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The Phrygian cap is a hat named named for Phrygia, an ancient kingdom in Anatolia, now known as Turkey. This distinctive hat played a role in both Ancient Greek and Roman societies, and many European cultures adopted it at some point. During the French Revolution, the cap acquired special symbolism, becoming an emblem of liberty and freedom. It appears in many works of art, where it is used as a symbolic device.
For the Greeks, the Phrygian cap indicated that someone was not from mainland Greece, as these hats were worn primarily in Anatolia. In Rome, it was given to manumitted slaves when they received their freedom. Someone in this hat, therefore, could be identified as a citizen of the Roman Empire, with all the rights and privileges that entailed. Some people have suggested that since many slaves came from Anatolia, the cap was a symbol that the slave had returned to his or her roots.
Classically, this hat is red, although other color variations can be found. It is conical and made from a soft material, which causes it to bend, typically in a forward direction, rather than standing straight up. A traditional Phrygian cap also has no brim. This basic design makes the cap very easy to create, and this is likely part of why it has been so popular at various points in history.
The headwear became a symbol during the French revolution, appearing on the heads of revolutionaries and in revolutionary art. It reached a pinnacle on the head of Marianne of France, an icon of the French state and values who is typically depicted with this hat. It also appears in seals and works of art from many nations, and even on the flags of a few countries.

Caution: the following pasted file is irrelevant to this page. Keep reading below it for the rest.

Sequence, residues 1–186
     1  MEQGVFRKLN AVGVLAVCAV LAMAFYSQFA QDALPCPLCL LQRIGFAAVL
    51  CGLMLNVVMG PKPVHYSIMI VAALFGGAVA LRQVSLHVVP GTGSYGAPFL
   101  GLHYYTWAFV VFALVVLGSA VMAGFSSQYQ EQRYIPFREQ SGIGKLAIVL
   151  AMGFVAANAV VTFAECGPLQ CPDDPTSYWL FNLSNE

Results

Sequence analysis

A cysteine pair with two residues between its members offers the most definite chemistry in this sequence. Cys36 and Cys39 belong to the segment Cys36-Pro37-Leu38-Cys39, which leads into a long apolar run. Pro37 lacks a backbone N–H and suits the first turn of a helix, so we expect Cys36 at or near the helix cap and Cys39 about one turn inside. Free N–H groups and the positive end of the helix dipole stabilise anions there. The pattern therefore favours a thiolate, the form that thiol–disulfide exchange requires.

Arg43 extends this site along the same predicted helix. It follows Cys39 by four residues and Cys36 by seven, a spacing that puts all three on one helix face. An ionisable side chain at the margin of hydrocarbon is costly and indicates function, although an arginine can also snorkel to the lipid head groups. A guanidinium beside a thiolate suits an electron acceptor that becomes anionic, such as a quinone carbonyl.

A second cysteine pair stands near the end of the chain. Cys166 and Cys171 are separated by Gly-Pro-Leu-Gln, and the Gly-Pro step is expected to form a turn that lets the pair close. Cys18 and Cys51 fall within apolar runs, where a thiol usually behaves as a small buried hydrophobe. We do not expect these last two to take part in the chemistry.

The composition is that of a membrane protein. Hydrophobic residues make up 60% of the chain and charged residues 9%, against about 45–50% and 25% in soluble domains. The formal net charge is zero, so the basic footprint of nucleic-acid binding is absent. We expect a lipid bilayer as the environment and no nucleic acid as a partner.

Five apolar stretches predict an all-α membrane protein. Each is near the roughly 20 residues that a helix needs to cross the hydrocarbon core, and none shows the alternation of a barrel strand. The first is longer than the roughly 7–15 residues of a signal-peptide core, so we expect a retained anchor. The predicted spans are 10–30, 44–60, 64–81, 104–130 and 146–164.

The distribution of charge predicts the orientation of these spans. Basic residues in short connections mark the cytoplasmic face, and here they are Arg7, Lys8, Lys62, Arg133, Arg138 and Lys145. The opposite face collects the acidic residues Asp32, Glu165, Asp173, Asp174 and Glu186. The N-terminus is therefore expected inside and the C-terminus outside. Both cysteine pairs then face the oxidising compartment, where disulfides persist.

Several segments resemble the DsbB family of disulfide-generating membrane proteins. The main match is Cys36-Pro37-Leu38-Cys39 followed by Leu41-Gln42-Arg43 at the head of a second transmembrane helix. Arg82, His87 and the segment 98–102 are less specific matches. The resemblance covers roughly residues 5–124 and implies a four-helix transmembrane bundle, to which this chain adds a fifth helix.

A Phrygian cap can be seen on the seal of the United States Senate, on some Liberty Dollars, on the coat of arms of Argentina, and on many Mexican coins, among other places. While these caps are not often worn anymore, many people are familiar with their symbolism, especially artists and sculptors, who may integrate one into a piece to send a very specific message.
In addition to these statements, the Phrygian Cap was used in many of the ancient "mystery" religions - notably that of Mithraism. Too, there are Egyptian and Hebrew interpretations that involve the symbolic use of the cap (Paul, in Eph 6, for example, references the cap).
The cap held a large symbol, or idea, that the wearer - usually one who was highly initiated in the mystery - had power over chaos (or chaotic element) - thus, in a way, they had become a god (apotheosis being a very ancient concept).
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